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Hagar Shipley is main character in The Stone Angel written by Margaret Laurence and goes through a rough life after growing up in the little town of Manawaka, Canada. At the age of ninety, she realized how stubborn and reserved she was to people she was closest to, her father, her brothers and her own son.
In Hagar’s younger years she was skating on the pond with Dan and Matt, her brothers when one of the, Dan, fell in the pond skating backwards, trying to impress some ladies. Back home Matt then asked Hagar to get and put on the old plaid shawl their mother used to wear, then comfort Dan who has pneumonia, just as their mother used to comfort the boys when they were little. But Hagar refused:
He turned to me then, and held both my hands in his, theonly time I ever recall my brother Matt doing such a thing. […] “I can’t. Oh Matt, I’m sorry, but I can’t, I can’t. I’m not a bit like her.” […] Before Matt let himself mourn or even tell me it went over, he came close to me and put both his hands on me – quiet gently, except that he put them around my throat. Pg. 25-26
This shows parts of Hagar and her stubbornness, she can not even comfort her own brother as it would make her appear as a weak young woman, thus completley against what she grew up with, her dad always drilled Hagar not to show any emotions in any situation but also the way she liked to be since she did not know the ‘other Hagar’.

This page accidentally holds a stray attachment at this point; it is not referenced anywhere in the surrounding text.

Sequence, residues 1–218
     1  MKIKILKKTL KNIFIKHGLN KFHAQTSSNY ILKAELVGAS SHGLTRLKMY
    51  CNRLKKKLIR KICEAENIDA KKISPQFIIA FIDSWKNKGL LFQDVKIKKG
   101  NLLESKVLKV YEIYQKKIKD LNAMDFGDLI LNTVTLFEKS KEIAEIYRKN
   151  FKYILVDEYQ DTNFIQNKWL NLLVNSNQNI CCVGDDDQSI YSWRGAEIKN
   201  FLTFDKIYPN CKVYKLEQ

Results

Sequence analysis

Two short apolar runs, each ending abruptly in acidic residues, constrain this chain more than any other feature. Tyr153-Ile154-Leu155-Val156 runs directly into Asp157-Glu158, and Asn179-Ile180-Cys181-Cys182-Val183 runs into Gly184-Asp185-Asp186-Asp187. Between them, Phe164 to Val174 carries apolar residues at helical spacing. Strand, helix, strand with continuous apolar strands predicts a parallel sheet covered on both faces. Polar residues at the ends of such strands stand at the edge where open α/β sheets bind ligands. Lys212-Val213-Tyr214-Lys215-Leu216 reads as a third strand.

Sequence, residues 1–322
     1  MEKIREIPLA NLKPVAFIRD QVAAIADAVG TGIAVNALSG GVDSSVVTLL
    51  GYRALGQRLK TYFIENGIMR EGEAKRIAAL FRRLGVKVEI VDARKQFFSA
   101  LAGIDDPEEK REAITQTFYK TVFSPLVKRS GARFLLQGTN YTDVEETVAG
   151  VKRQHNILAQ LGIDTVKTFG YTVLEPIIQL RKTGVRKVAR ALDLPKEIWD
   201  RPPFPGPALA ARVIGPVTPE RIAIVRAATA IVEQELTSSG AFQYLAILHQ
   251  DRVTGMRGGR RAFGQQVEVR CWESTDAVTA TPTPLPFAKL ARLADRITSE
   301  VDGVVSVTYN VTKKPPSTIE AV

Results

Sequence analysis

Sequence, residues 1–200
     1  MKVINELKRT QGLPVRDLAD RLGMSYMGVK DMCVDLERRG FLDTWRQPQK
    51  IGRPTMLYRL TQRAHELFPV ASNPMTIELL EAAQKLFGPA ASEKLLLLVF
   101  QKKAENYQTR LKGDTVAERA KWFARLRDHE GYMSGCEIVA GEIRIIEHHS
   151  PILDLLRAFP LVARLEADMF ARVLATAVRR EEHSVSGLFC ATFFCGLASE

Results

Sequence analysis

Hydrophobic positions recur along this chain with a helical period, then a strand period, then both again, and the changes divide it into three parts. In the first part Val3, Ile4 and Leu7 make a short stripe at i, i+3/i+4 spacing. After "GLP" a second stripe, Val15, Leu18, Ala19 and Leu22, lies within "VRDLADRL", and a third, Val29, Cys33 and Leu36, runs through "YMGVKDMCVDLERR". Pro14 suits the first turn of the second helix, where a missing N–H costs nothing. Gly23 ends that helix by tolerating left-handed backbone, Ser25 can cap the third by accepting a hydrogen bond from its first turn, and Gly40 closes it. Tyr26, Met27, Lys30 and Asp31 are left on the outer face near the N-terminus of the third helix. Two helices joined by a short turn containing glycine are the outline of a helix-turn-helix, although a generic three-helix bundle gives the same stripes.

She was taught to be stubborn, selfish and emotionless.
Hagars relationship to her own father was not the greatest since he never treated her the way a father is supposed to by showing pride of his girl, treating her with respect and actually show emotions, rather then just nodding after she has done something correctly:
When I repeated them all through […] he’d nod. Thats all he’d ever say, when I got it right. He never believed in wasting a word or a minute. Pg. 7
She was taught to be the cold-hearted lady and never to sympthasize with anyone.
Hagars entire life was a tragedy, she did not even hug her own son before he left to fight in the war.
I didn’t know what to say to him. I wanted to beg him to look after himself, to be careful, as one warns children against snowdrifts or thin ice or the hooves of horses, feeling the flimsy words may act as some kind of charm against disaster. I wanted all at once to hold him tightly, plead with him, against all reason and reality, not to go. Pg. 129
Hagar did not know what to say to him but she knew exactly what she would have done to him, hold him tightly and hug him for maybe the last time in her life, but then she is ashamed of doing so. Hagar, once again, is emotionless to people she is closest to, even her own son.
But I did not want to embarrass both of us, nor have him think I’d have taken leave of my senses. While I was hesitating, he spoke first.
Hagar is embarrassed of hugging her own son, as she says she does not want him to think that she would have taken leave of her senses, which, for her, was the total emotionless, stubbornness and monotonuesness. Hagar even hesitates to talk to him, she is totally lost with the feeling of insecurity about herself, her life and the way she lived it.
Those four incidents show how tragic Hagar was in her ‘lost life’, her own world created by herself with her stubbornness and her father, drilling into her head that showing emotions to anyone is the weakest thing to do. Hagar, ninty years old, does not know what emotions are, does not know what love is or even feels like.
“You call that love.” Lady, if that wasn’t, what is?” “I don’t know. I just don’t know, I’m sure.” Pg. 228